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Debunking & Demystifying Conception After 35

Debunking & Demystifying Conception After 35 by top Orange County doulas, Labor of Love

Over the last 9 years, Labor of Love has received many questions and concerns when it comes to conception after 35. Let’s break down some of these beliefs so that we can become more informed about our bodies, birth and motherhood.

Currently, around the world, the average age for first time mothers is 31. A huge change from the ripe old age of 21 in the 1980s. More and more couples are waiting to start their family for a myriad of reasons; financial, career, school, travel, etc. So many people are now waiting until their 30's to conceive and in doing so it pushes subsequent pregnancies into one's mid to late 30s, and possibly even early 40s.

I was 33 when I had my first child and 35 with my second. Many of the questions our clients have, I had myself when tying to conceive; so let’s get into it:

Myth #1:

The likelihood of conceiving after 35 is slim.

Now, as I entered my 30’s and started to think about having a baby I was very concerned that we would not be able to conceive. I started my period at the very old age of 9 and thought that would decrease my chances even more. I was so concerned that I made an appointment with my care provider to discuss my fears and the advice she gave me was surprising!!

I walked into her office with all my concerns and questions that I had gathered, all the statistics and information that I had heard, and she looked at me and said;

“We won't know if you can’t get pregnant until you try!” 🤪

So, the biggest thing here to understand is that you need to try first. It maybe surprisingly easy and all the stress and worry could be for nothing.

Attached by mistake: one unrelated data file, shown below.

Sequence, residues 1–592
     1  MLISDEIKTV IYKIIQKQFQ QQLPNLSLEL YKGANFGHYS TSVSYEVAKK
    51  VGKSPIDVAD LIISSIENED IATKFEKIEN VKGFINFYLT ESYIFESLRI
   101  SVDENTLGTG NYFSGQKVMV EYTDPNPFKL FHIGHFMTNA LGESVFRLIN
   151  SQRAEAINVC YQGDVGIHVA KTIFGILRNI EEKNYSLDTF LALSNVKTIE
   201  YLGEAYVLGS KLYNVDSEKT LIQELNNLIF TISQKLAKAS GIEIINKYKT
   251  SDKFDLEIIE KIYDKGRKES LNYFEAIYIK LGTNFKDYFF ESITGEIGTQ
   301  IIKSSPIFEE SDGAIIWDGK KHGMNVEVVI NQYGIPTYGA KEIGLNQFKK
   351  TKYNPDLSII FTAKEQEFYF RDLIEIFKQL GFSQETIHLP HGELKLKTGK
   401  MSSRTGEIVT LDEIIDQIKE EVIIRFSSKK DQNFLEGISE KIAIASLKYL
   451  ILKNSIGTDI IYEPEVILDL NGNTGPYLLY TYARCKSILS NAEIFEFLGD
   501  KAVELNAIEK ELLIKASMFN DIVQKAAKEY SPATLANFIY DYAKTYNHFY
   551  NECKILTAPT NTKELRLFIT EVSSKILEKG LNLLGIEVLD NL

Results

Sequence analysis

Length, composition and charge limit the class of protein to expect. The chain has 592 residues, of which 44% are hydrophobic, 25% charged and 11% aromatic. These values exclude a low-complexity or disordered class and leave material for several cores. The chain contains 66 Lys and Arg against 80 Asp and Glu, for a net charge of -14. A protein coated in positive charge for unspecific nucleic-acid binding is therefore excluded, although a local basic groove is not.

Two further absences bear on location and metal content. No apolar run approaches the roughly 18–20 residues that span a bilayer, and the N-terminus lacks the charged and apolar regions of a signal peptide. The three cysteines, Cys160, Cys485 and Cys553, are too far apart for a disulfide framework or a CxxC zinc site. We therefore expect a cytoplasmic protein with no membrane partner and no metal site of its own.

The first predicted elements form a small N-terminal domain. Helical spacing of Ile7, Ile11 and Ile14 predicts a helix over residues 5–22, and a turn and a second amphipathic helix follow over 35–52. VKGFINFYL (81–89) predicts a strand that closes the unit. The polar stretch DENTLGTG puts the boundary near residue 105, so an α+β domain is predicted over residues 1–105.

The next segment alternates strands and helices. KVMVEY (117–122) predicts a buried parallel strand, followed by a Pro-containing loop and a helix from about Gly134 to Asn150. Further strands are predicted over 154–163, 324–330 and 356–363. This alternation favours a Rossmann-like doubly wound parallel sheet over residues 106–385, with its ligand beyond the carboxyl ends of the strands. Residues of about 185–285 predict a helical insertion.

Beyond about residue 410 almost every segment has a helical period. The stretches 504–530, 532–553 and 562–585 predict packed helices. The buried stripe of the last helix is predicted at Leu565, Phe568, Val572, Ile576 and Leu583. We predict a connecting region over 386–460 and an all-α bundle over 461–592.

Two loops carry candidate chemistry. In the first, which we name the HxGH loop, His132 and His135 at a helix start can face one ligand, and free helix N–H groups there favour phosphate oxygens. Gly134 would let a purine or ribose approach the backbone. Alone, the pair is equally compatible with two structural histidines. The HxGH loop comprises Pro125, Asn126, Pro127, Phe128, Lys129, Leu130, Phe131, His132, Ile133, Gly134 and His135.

With that said, it could take a little longer to get pregnant after 30. As we age the probability of conceiving after 30 in any given month is about a 20% chance. Now I know that statistic seems low at first glance and may give you some

alarm; however, that percentage is just a small drop of 5%. In our 20’s the probability of conceiving in any given month is 25%. So, don’t dismay. Try, try, and then, try again!

Unless there are other circumstance and issues, women can technically conceive if they are still releasing eggs and haven’t gone through menopause. Keep in mind that in our late 30’s it can take a year or more to get pregnant. For my first, at 32, it took 6 months.

Myth #2:

The likelihood of conceiving spontaneously, without intervention, is slim after 35.

Again, you will not know until you try. And, as we learned above, it may take more time. More time to be intimate and get to know your partner, so enjoy. Stress will inhibit conception and nothing kills the moment more than stress and pressure to make a baby.

In addition, there are some things you can to help your fertility along.

  1. Prioritize your physical and mental health. Yes, that means eat right, avoid alcohol and excessive caffeine. Maintain a healthy weight and don’t smoke. In addition, lower your stress levels and invest in your peace of mind and investing in calmness on a daily basis.

  2. Get to know your body and track your cycle. Pay attention to fertility signs such as cervical fluid and basal body temperature. The book, Taking Charge of Your Fertility is a great place to start to understand your body and its fertility signs.